IntroductionIn this topic the role of templates as ontologies is discussed.
Definitions of OntologyThe following two definitions seem applicable here:
In the context of computer and information sciences, an ontology defines a set of representational primitives with which to model a domain of knowledge or discourse. The representational primitives are typically classes (or sets), attributes (or properties), and relationships (or relations among class members). The definitions of the representational primitives include information about their meaning and constraints on their logically consistent application. In the context of database systems, ontology can be viewed as a level of abstraction of data models, analogous to hierarchical and relational models, but intended for modeling knowledge about individuals, their attributes, and their relationships to other individuals. Ontologies are typically specified in languages that allow abstraction away from data structures and implementation strategies; in practice, the languages of ontologies are closer in expressive power to first-order logic than languages used to model databases. [Gruber, 2007]
An ontology is a formal description of knowledge as a set of concepts within a domain and the relationships that hold between them. To enable such a description, we need to formally specify components such as individuals (instances of objects), classes, attributes and relations as well as restrictions, rules and axioms. As a result, ontologies do not only introduce a sharable and reusable knowledge representation but can also add new knowledge about the domain. [Ontotext USA, Web Home Page, Sept, 2019]
Application of definitions
The Upper Ontology of ISO 15926-2 actually defines that "set of representational primitives" used to model the domain of discourse of a template. Furthermore the language of the "lifted" templates is indeed first-order logic. The link between that abstraction of the " lifted" templates and the implementation strategy of using "lowered" templates is implemented by defining a "signature" for each lowered template in which only the variables are listed, whilst maintaining the link to that abstraction.
In the Template Specifications and the OWL representation of the "lowered templates" those "individuals (instances of objects), classes, attributes and relations as well as restrictions, rules and axioms" are formally specified for each template.
ISO 15926-7 templates are about ISO 15926-2 Classes and, others, about PossibleIndividual's, where the latters actually are classes that have real world individuals as members (see here for a further explanation).
An instance of a template has an instance of its signature with declared instances of the objects listed there. For example the template IndividualHasPropertyWithValue:
The graph, built from above "set of representational primitives", is:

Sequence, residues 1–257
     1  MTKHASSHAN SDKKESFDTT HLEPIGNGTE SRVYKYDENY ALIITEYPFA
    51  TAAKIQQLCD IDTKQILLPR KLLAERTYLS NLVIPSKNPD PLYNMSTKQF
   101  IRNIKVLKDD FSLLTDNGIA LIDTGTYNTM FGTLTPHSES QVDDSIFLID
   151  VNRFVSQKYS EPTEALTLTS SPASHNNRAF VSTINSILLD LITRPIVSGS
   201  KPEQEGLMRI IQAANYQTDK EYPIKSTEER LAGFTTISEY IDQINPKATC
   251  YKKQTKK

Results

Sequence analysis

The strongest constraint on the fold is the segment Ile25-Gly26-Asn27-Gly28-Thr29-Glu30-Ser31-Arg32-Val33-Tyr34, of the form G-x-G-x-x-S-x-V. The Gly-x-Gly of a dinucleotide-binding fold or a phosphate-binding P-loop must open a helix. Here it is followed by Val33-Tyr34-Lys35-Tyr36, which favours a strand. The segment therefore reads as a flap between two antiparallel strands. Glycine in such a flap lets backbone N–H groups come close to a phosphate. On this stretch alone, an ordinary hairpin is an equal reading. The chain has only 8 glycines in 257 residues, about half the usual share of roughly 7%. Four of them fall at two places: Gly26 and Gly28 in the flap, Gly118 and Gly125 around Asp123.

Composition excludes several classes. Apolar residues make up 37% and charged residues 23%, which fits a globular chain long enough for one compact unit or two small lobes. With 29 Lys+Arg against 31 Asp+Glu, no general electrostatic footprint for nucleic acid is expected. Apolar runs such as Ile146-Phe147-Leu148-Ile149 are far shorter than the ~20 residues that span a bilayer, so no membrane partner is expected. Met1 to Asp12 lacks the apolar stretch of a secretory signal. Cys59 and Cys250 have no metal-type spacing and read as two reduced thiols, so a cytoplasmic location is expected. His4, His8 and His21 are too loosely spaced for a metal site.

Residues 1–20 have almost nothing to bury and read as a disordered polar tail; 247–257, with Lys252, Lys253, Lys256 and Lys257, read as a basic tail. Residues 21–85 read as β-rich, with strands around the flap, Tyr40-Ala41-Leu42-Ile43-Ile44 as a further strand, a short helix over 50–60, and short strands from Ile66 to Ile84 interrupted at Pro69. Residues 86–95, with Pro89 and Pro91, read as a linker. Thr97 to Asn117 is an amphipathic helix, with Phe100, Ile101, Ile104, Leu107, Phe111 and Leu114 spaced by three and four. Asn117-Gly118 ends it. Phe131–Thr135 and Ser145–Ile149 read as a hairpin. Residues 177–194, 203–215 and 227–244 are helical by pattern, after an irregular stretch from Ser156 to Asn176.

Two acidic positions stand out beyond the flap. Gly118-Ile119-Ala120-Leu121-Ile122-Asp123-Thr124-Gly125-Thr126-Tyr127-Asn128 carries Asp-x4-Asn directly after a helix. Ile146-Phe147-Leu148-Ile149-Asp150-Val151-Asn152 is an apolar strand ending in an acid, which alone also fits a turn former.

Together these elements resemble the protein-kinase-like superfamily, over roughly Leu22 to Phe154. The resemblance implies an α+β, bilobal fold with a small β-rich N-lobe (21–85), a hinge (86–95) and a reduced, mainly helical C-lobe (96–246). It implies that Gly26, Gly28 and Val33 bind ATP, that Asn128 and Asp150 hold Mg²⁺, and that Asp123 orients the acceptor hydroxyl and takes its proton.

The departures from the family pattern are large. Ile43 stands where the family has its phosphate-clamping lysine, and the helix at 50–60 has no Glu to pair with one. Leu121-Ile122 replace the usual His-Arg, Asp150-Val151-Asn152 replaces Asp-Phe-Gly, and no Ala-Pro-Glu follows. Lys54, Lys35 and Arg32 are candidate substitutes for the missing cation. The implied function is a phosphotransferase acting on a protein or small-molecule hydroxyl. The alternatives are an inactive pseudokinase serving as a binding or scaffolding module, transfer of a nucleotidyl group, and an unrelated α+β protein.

This template has a FOL listing that builds on the entity types of ISO 15926-2 to define the semantics of this template/ontology:
and of the signature of its " lowered" template:IndividualHasPropertyWithValue(x1, x2, x3, x4) <->
An instance of this template could have the following semantics, as indicated in above graph: "V-101 has a Mass of 30.57 metric tons". This requires the following instances of the template type and its Role Object Types:
The contents then are being validated with SHACL, to see whether these Role Objects are indeed instances of the Role Object Types of the template signature.
Note that this information can be, from a technical point of view, total nonsense. This is because of the following statement in ISO 15926-2 subclause 4.1 applies:
"To enable integration of life-cycle process plant information the model excludes all information constraints that are appropriate only to particular applications within the scope."
This means that the source applications, from which data elements are being mapped to ISO 15926-7/8 templates, are assumed to deliver semantically and technically correct information.
ImplementationTemplates, with their signatures, are still cryptic for most users. To alleviate this Specialized Templates, called TIPs (Template of Information Pattern), have been designed. In these TIPs one or more Role Object Types are being instantiated pre-emptively, in certain cases by means of a selection from a pick-list of applicable/allowable class instances.
A TIP signature is being populated with label values because those are recognized by the users, and the mapping software sees to it that in cases where the labeled object has already been declared a duplication is avoided. If not declared, the software allows for automatic declaration or user-controlled declaration (the latter is safer).
A TIP version of above template could be:
Note that further specialization is possible, such as:
TIP software works with TIP signatures where the Role Object Types are instantiated with their label.
The signature for an tip:IND-has-Mass-in-metric-ton is:
where, for the template instance this topic started with, the values are:
which is understandable for an engineer.
The mapping from data elements to ISO 15926-8 template instances can, for the most, be done with an ETL (Extract, Transform and Load) tool, resulting in an instance of the base template:
Using the base template for the end result is done because the TIP information is dependent on the TIP software, but there are other ways to instantiate a template and using the base template for the end result guarantees a code that can be understood globally.
After conversion to N triples, this code is uploaded to the applicable triple store of (in this example) the XYZ Corp.Project P1234 as:
Once such a mapping has been defined for an application and coded in an adapter for that application, it will keep uploading templates following the rules for releasing and uploading as defined by the custodian of that application.
Read further about the concept of that adapter here.